Project Chickens before the Eggs – Lesson 183 – One mom’s trash is another chick’s treasure

I don’t rant about my kids often, I am, after all, as a parenting journalist considered to be somewhat of an authority on the subject HOWEVER, I am also, after all, very HUMAN. Consider this a rant.

You know how last week I wrote a post about the never ending cycle of planning the meals, going out to the grocery store, getting the food, bringing it home, putting it away, and then taking it out in bits throughout the week in order to assemble it into daily meals?

If you caught the reference at the end, I likened this to a hen laying an egg every other day for years on end with no break. It’s her part in life. It’s what she does and sure she can complain but it’s not really going to get her anywhere but discouraged.

Today, I am discouraged.

Let me back up just a bit. I usually do my grocery shopping on Sundays. That’s right, I have this thing down to an art and in just a few hours on Sunday I’m able to get all the food this family of 8 needs for the following week. But this Sunday I was in Portsmouth giving a presentation with a partner of mine; Jamie Wallace on blogging.

So the shopping didn’t get done.

Thankfully we had a lasagna in the freezer that got pulled out for dinner on Sunday.

And on Monday I pulled out my ever resourceful bag of frozen meatballs. That with a jar of red sauce on low for a few hours became our meatball subs for dinner.

Tuesday’s dinner was looking pretty bleak. I knew I could go no longer, I had to do the grocery shopping. So after dropping off one child at gymnastics, I rushed to the grocery store filled my cart, got the groceries home, threw out directions for dinner to my older son (Yup.) (It was Marc’s turn to give a presentation in Manchester so dinner was up to the kids), told the kids to put the groceries away (Yup.) and dashed out the door with my two soccer players who had a practice starting in exactly 5 minutes.

When I came home what I expected to see was dinner made and the groceries all put away. I thought I’d see the bags of bagels in the bread box or at the very least on the counter looking something like this:


Bagels where they belong


What I found instead was the 3 dogs, one on each couch in the living room, eating the bagels they had ripped from the grocery bags found on the floor – dog level where us owners had conveniently left them.

Seriously???!!!! Even though you actually acknowledged my requests (remember that Yup?) even though you had to STEP OVER THE GROCERIES in order to make dinner, it didn’t occur to you to put them away?

Do you have any idea of the waste of time and effort this represents? I could have saved us a lot of time and aggravation by just buying the bagels at the store, ripping the bag open and throwing them on the floor before I left the store, at least they would have done the clean up part. Or I could have saved even more work by simply throwing the money on the ground before I entered the store.

There are times, as a parent when you just have to walk away from the situation before you kill someone. Last night I walked away.

So here’s the deal kids:

I now know that “Yup.” means nothing. I’ve caught on, I’m not falling for that again. Be forewarned. Next time you ask for money and for me to take you to the movies, when I say “Yup.”, don’t be surprised when instead of reaching for the car keys I go up to my bedroom to play an online game with my friends.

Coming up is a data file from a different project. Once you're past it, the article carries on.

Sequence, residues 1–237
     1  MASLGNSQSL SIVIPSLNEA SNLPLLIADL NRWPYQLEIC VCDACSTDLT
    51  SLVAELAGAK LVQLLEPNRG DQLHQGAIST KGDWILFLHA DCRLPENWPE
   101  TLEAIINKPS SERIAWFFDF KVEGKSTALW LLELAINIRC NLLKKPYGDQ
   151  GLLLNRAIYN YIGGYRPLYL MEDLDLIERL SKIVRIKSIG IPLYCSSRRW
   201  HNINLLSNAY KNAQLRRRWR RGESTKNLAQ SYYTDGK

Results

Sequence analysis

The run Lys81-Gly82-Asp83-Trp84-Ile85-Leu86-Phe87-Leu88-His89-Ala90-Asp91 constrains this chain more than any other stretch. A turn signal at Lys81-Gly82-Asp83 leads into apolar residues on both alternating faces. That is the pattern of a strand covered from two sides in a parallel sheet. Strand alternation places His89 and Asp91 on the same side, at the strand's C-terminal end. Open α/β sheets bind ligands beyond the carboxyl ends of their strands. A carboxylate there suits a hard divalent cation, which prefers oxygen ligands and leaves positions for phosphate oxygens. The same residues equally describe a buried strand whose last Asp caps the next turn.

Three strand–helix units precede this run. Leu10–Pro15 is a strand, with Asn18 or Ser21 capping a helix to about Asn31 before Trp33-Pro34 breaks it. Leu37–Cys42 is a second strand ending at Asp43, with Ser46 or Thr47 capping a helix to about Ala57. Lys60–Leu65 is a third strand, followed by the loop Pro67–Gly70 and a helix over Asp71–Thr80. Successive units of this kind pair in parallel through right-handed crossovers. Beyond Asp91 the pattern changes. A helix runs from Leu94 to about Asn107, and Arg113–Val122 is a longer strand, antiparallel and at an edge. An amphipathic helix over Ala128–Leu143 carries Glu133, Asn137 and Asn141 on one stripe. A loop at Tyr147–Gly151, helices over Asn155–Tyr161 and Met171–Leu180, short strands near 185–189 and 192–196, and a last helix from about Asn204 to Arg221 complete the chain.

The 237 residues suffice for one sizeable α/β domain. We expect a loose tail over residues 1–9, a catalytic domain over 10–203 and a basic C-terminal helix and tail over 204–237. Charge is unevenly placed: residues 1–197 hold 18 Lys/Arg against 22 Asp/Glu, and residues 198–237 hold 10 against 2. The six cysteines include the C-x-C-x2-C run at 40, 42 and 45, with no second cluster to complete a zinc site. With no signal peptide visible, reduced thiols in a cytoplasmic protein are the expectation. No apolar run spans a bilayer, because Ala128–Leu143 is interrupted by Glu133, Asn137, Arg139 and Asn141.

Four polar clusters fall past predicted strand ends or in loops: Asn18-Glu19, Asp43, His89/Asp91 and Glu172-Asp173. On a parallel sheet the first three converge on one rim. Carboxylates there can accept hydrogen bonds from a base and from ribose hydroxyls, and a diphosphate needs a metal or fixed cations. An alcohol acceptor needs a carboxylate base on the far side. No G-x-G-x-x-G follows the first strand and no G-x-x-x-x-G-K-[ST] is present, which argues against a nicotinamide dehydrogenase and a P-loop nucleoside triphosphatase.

This old dog has been taught.

But as always, today is a new day. The earth has turned, the sun has risen, a few good hours of sleep has dulled (but not completely erased) the sharp, twisted feelings of not being appreciated.

In case you are wondering, this is what ultimately happened to the bagels.


nom, nom, nom


Unlike me, instead of holding on to being discouraged about my children’s lack of responsibility – their inability to see the lost work and effort involved, the harried frenetic strain this placed on an already harried frenetic mother, my chickens were delighted and saw the bagels for what they truly were – little lumps of baked grain that in the overall scheme of things didn’t make much more of a difference than a filled belly for just a few minutes.



Filed under All things chickens, Backyard Chickens, Project Chickens before the Eggs, The Family, The kids

2 responses to “Project Chickens before the Eggs – Lesson 183 – One mom’s trash is another chick’s treasure

  1. Karen W

    I loved the part about you saying “Yup” and going up to play online games with your friends! I’ve sooo wanted to do that too! Just walk out of the kitchen and see what happens when the dinner doesn’t “magically” appear on the table!

    Thank you for the reminder that after some time (usually a good night’s rest) it doesn’t look as bad as it did the night before, and that we might even laugh about it!

  2. Lisa A.

    Oh my gosh! I think every mother (especially of pre-teens and teenagers) has felt this same way (I know I have), and if someone says they never have, they’re lying!

    My younger daughter uses the ‘my brain isn’t fully developed yet’ line of defense for incidents like these. Which, if I wasn’t so mad at her, would be a pretty convincing case. And then, they do something so thoughtful and caring that you immediately forget your feelings of neglect and under-appreciation and remember why you had kids in the first place.

    Great post!

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